Anesth Analg. 2017 Jan;124(1):216-232.
National and International Guidelines for Patient Blood Management in Obstetrics: A Qualitative Review.
Shaylor R1, Weiniger CF, Austin N, Tzabazis A, Shander A, Goodnough LT, Butwick AJ.
1 From the *Department of Anesthesiology and Critical Care Medicine, Hadassah Hebrew University Medical Center, Jerusalem, Israel; †Departments of Anesthesiology, Perioperative, and Pain Medicine, Stanford University School of Medicine, Stanford, California; ‡Department of Anesthesiology, Critical Care Medicine, Pain Management and Hyperbaric Medicine, Englewood Hospital and Medical Center, Englewood, New Jersey; §Departments of Anesthesiology, Medicine and Surgery, Icahn School of Medicine at Mount Sinai, New York, New York; and ‖Department of Pathology, Stanford University School of Medicine, Stanford, California.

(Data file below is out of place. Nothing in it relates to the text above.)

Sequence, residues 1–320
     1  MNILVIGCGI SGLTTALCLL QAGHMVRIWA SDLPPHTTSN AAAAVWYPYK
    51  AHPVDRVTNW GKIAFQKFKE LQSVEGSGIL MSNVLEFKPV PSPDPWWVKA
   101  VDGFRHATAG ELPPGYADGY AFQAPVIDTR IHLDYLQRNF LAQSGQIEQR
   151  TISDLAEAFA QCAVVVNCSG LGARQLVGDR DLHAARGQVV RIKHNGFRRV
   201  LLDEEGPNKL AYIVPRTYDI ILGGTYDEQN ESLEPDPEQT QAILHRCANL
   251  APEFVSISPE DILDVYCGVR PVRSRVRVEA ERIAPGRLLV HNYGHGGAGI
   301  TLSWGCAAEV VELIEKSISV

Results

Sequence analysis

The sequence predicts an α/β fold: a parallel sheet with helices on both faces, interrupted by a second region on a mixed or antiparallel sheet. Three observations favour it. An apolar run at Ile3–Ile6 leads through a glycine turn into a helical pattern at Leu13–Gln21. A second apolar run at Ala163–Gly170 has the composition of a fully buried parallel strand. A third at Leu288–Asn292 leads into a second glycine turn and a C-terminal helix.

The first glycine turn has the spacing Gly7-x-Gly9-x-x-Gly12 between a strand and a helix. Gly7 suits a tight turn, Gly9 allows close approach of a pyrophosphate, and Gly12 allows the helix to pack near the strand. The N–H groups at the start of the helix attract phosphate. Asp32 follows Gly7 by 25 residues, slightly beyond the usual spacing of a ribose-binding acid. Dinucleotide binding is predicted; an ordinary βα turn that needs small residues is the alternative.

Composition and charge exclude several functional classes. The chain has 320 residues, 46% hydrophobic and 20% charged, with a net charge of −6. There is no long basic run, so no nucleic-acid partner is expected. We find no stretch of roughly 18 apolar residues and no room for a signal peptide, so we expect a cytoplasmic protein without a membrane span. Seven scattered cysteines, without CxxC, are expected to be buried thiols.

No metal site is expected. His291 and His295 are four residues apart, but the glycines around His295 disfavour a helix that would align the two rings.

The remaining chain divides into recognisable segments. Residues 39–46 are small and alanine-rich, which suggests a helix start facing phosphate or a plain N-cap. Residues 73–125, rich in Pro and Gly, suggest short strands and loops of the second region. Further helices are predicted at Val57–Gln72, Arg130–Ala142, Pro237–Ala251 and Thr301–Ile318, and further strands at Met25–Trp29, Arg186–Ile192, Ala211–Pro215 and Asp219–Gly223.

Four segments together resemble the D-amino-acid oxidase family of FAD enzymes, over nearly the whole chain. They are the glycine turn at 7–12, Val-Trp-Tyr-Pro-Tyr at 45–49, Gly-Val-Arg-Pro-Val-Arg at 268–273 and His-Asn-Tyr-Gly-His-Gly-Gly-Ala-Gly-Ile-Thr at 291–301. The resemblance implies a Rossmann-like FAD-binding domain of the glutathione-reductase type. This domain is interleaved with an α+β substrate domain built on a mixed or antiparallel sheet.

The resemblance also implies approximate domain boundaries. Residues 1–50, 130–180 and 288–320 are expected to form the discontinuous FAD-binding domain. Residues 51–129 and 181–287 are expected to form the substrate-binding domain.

In developed countries, rates of postpartum hemorrhage (PPH) requiring transfusion have been increasing. As a result, anesthesiologists are being increasingly called upon to assist with the management of patients with severe PPH. First responders, including anesthesiologists, may adopt Patient Blood Management (PBM) recommendations of national societies or other agencies. However, it is unclear whether national and international obstetric societies’ PPH guidelines account for contemporary PBM practices. We performed a qualitative review of PBM recommendations published by the following national obstetric societies and international groups: the American College of Obstetricians and Gynecologists; The Royal College of Obstetricians and Gynecologists, United Kingdom; The Royal Australian and New Zealand College of Obstetricians and Gynecologists; The Society of Obstetricians and Gynecologists of Canada; an interdisciplinary group of experts from Austria, Germany, and Switzerland, an international multidisciplinary consensus group, and the French College of Gynaecologists and Obstetricians. We also reviewed a PPH bundle, published by The National Partnership for Maternal Safety. On the basis of our review, we identified important differences in national and international societies’ recommendations for transfusion and PBM. In the light of PBM advances in the nonobstetric setting, obstetric societies should determine the applicability of these recommendations in the obstetric setting. Partnerships among medical, obstetric, and anesthetic societies may also help standardize transfusion and PBM guidelines in obstetrics.